It had been requested that we make a short video covering the top worst hacks in movies. Being the community that we are, it seemed like an interesting request. We asked for your input, and you were happy to deliver! However, the proposition of creating a “top 10” list turned out to be quite difficult. There were just SO MANY horrible scenes that I started thinking about how to even categorize them. We could probably to a “top 10” in any of the following categories without even having to dig too deeply:
- hacker lingo
- mocked up interfaces
- fake input devices
- virus screen-takeover moments
- access denied messages
- hardware taped together
Honestly, after breaking it down in such a manner, making the top 10 movie hacking failures, felt painfully general. It is like making a list of “top 10 animals that ever existed”. The state of technology portrayal in movies is frankly abysmal. It is obvious that the only people who know less about tech than “hollywood” are the people making laws about it.
So, lets take a look at this list and see what we ended up with.
10. The Core
There’s a scene where they have to get through a door and it won’t budge. To open it, they’re going to have to crack into the control panel and hotwire the the thing. What do they find inside? A breadboard. Ok, well, we all know that in that environment, you wouldn’t be finding any breadboards. Then again, I’ve seen some duct taped together networks in large corporations that might convince me that this one isn’t a failure at all.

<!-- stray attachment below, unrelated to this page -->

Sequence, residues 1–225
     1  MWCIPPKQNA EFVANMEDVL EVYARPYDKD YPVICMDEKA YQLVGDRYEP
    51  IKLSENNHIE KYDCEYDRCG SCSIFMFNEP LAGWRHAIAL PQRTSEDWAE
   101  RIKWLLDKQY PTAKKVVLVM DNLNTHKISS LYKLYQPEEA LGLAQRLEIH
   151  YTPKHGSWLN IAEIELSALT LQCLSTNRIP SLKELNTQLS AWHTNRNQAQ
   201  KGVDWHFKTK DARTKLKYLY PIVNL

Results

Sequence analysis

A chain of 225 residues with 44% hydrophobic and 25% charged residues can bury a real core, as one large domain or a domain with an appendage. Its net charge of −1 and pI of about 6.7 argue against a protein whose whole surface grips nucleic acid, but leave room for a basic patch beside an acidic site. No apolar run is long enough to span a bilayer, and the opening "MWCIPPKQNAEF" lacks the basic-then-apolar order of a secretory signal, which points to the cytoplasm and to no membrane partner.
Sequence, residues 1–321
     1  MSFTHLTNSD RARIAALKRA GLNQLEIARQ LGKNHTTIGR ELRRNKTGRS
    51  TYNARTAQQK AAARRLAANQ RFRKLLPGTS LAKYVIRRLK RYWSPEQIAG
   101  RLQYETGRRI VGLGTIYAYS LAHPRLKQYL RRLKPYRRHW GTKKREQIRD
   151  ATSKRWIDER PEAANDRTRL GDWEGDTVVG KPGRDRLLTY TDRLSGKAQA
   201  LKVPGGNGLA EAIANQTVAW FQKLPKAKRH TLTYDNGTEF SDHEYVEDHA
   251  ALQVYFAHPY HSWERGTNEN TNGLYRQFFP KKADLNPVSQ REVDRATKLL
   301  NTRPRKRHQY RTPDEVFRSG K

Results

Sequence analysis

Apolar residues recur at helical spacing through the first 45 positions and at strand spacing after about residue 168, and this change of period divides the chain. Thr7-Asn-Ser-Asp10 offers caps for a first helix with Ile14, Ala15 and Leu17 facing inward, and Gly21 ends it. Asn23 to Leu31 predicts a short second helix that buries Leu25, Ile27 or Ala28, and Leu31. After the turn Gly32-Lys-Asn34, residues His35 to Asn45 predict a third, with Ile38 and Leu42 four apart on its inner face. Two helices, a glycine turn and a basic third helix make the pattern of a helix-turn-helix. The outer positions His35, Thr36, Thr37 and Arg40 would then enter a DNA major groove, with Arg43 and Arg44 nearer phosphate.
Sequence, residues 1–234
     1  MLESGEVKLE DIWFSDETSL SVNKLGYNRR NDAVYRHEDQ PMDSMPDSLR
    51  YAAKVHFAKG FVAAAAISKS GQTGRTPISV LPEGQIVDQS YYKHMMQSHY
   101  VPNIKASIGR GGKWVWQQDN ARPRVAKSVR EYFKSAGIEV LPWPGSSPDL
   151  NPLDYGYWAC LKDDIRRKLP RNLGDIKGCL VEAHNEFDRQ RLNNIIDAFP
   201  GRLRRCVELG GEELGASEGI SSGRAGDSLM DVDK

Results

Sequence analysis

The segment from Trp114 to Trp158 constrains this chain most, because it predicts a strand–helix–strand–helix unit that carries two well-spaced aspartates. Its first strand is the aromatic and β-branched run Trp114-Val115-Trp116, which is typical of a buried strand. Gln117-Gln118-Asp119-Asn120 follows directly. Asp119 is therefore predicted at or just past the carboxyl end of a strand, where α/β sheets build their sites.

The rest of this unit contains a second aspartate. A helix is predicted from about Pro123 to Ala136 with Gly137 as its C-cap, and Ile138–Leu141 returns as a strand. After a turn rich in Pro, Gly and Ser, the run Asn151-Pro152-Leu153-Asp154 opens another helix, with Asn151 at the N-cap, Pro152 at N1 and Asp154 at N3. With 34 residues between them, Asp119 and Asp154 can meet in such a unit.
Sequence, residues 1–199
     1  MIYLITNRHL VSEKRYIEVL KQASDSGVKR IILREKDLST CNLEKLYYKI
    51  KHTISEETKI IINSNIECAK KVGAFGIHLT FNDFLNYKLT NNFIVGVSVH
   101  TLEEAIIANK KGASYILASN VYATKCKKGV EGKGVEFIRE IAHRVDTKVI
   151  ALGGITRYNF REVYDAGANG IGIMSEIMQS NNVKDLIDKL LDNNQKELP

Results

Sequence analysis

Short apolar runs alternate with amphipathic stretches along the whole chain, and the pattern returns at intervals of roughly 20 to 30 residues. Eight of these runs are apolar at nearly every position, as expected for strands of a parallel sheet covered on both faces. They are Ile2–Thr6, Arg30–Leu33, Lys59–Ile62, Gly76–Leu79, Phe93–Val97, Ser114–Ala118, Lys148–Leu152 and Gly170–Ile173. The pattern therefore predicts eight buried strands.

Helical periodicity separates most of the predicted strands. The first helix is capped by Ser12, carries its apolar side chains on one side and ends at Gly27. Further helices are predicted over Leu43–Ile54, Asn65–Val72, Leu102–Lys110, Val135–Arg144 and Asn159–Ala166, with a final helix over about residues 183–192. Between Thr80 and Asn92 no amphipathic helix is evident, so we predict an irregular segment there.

I’ve heard so many people point out this scene as a failure, and it is usually for the wrong reason all together. The young woman sits down at a computer and announces to everyone “hey, I know this, it is unix!”, while the camera switches to a 3d rendering that looks like a physical layout of a neighborhood.
“aha! that’s not a real interface!” is usually what I hear from people, but they’re wrong. It was called FSN and did actually exist. No one really used it though because, while neat, it wasn’t a great way to actually work. Tons of people loaded it up and played with it, but it never really caught on. I actually wouldn’t have been surprised to see a super gratuitously funded IT department loading stuff like this in their spare time because they had convinced the boss man that they totally needed that SGI for… uh… network security or something.
The real hack failure is the fact that her simply recognizing the operating system means that she now has full control over EVERYTHING in the Jurassic park network.